International sponsors of private equity and real estate funds may choose from a variety of different fund structures when forming investment vehicles to acquire assets in Latin America. An increasingly popular choice among sponsors involves the use of Canadian limited partnerships.

While the laws of Latin American countries differ from country to country, many of these countries have adopted a civil law system that is quite similar in many respects. For instance, in many Latin American countries, limited partnerships may be formed under local laws. However, such limited partnerships are not ideal investment vehicles for private equity or real estate funds since such limited partnerships are not tax transparent and are subject to strict, and often out-dated, corporate governance rules. These limitations frequently lead international sponsors to establish their funds outside of Latin America, although the investment objective of the funds may be limited to investing in Latin America.

A number of jurisdictions that are ordinarily preferred for forming funds may not be ideal if the fund sponsor intends to invest primarily in Latin America. For instance, many US States, such as Delaware, have well established laws that are modern and flexible and ordinarily highly suitable for forming private equity and real estate funds. However, since the form of entity most commonly used to establish such funds is a limited partnership, and since limited partnerships are separate legal entities in many such jurisdictions, this can be problematic when investing in Latin America. This is because, while a limited partnership may be tax transparent under the laws governing the jurisdiction in which the partnership is domiciled, a limited partnership that is a separate legal entity will often not be tax transparent in Latin America. To ensure optimal tax treatment, it is therefore often necessary to form the fund in a jurisdiction in which the limited partnership is not a separate legal entity.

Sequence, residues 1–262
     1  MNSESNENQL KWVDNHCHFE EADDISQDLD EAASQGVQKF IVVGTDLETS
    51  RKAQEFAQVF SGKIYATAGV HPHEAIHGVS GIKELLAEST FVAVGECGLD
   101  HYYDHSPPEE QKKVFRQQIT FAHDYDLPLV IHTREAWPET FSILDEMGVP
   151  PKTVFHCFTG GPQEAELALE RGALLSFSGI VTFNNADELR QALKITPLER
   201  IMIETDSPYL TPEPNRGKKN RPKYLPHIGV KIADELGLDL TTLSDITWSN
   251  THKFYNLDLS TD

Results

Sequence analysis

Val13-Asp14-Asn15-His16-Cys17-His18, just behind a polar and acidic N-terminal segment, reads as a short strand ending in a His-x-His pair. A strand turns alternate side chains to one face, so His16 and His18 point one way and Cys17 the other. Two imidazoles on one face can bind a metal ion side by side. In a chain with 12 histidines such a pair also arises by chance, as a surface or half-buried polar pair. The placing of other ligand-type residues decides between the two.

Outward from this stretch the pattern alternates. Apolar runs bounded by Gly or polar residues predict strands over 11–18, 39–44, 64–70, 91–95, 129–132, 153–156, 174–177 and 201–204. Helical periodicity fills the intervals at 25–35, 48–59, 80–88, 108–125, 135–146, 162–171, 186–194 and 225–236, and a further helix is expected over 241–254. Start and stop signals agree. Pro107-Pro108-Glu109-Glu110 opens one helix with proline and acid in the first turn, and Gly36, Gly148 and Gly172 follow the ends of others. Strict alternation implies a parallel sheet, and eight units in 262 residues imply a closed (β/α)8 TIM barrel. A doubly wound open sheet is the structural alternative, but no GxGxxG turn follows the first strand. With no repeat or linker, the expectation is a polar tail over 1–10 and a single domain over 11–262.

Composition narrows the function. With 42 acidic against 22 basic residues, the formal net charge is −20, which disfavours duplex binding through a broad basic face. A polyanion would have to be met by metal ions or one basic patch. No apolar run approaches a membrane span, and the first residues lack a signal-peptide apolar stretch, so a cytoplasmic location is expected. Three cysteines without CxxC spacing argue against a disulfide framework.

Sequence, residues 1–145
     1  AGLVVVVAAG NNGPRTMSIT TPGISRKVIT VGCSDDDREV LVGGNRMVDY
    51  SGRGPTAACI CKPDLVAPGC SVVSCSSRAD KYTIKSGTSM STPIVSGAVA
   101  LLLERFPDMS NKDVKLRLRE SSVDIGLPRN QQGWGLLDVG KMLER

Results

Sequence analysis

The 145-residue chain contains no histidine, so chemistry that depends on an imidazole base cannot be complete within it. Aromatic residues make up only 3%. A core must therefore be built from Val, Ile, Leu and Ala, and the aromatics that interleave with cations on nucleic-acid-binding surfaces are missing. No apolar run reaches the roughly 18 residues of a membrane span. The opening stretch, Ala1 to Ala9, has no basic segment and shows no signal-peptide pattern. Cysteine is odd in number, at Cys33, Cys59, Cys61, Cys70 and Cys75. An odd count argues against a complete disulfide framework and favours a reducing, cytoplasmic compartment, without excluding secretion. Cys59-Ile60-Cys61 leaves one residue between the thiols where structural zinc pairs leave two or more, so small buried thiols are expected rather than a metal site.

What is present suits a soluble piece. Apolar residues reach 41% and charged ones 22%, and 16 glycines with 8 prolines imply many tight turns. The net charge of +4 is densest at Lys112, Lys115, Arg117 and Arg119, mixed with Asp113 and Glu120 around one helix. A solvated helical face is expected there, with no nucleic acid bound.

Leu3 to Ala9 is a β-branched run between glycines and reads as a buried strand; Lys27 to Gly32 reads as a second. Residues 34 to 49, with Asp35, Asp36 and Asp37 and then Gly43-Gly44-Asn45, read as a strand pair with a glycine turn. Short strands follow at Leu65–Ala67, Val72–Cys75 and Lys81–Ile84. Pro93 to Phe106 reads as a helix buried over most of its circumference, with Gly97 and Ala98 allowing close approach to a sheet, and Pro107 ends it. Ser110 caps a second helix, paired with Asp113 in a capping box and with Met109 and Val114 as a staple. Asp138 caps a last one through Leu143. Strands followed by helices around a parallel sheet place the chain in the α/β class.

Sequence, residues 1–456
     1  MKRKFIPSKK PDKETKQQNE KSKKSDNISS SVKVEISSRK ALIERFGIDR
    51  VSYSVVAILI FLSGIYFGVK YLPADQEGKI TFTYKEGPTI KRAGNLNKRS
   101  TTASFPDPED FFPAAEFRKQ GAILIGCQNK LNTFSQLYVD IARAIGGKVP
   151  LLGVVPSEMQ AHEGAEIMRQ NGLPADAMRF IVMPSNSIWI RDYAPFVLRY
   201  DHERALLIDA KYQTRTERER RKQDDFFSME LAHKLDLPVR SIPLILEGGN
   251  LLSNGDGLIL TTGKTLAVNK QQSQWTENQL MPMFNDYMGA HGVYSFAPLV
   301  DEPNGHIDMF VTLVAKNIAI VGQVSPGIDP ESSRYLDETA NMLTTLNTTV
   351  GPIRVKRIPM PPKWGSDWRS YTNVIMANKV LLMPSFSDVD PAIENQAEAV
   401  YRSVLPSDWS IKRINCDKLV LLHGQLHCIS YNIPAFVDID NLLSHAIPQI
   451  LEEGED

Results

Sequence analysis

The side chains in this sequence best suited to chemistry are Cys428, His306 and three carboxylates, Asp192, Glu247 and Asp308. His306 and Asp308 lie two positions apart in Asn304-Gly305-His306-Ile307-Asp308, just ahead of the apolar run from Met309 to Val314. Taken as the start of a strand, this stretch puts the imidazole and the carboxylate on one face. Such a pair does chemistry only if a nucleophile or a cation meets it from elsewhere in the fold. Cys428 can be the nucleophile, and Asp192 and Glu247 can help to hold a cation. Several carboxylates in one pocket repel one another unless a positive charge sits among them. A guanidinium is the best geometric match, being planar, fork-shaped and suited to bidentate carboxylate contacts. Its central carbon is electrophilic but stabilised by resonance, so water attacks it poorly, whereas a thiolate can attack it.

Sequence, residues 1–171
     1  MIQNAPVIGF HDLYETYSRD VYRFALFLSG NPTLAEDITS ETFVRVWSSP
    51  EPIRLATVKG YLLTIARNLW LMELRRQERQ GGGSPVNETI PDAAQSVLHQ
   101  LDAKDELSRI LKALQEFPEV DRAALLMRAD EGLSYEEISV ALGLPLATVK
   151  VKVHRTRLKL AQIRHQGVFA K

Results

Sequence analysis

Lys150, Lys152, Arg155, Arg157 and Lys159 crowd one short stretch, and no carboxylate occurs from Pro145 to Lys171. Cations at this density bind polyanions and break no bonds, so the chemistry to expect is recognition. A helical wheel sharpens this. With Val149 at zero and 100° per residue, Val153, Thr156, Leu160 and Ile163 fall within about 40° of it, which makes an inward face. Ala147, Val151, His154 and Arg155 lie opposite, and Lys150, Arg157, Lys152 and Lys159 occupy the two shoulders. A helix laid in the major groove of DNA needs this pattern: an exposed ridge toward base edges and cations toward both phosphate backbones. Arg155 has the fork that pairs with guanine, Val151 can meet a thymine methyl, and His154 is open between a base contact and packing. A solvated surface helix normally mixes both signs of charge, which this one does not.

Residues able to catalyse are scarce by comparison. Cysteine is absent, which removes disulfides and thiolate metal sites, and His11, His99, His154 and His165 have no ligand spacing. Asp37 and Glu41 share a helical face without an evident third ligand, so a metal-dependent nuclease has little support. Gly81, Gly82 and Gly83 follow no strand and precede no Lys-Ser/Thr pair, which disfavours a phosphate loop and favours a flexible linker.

For a variety of reasons, some investors are hesitant to invest in jurisdictions perceived to be tax havens, which discourages some international sponsors from forming limited partnerships domiciled in these countries, even if such limited partnerships would otherwise satisfy the Latin American requirements to ensure tax transparency.

Fortunately, all Canadian provinces have limited partnership legislation that provides for the establishment of limited partnerships. This provides international sponsors with an opportunity to form investment vehicles in reputable jurisdictions, such as Ontario, Québec, British Columbia or Alberta, that offer flow-through tax treatment to investors while providing such investors with limited liability protection. The legislative framework governing limited partnerships in most Canadian provinces is also quite flexible, allowing fund sponsors the ability to customize the terms of limited partnership agreements to suit their particular preferences. Furthermore, these Canadian limited partnerships are not separate legal entities and are therefore suitable for investing in some Latin American countries since they preserve tax transparency.

Limited partnerships domiciled in Canada need not have a general partner that is incorporated under the laws of, or resident in, a Canadian province. Furthermore, since under Canadian tax law, income is typically taxed only to the extent that it originates from a Canadian source (in the case of passive income such as dividends, interest or royalties) or results from business carried on in Canada, most Canadian domiciled limited partnerships that carry on business primarily in Latin America and that earn no Canadian situs income, if structured properly, should not be taxed in Canada.

Easy to form, highly customizable, limited partnerships, in a stable, reputable jurisdiction with minimal tax consequences or administrative obligations may make Canada the ideal place to form your next Latin America-focused limited partnership.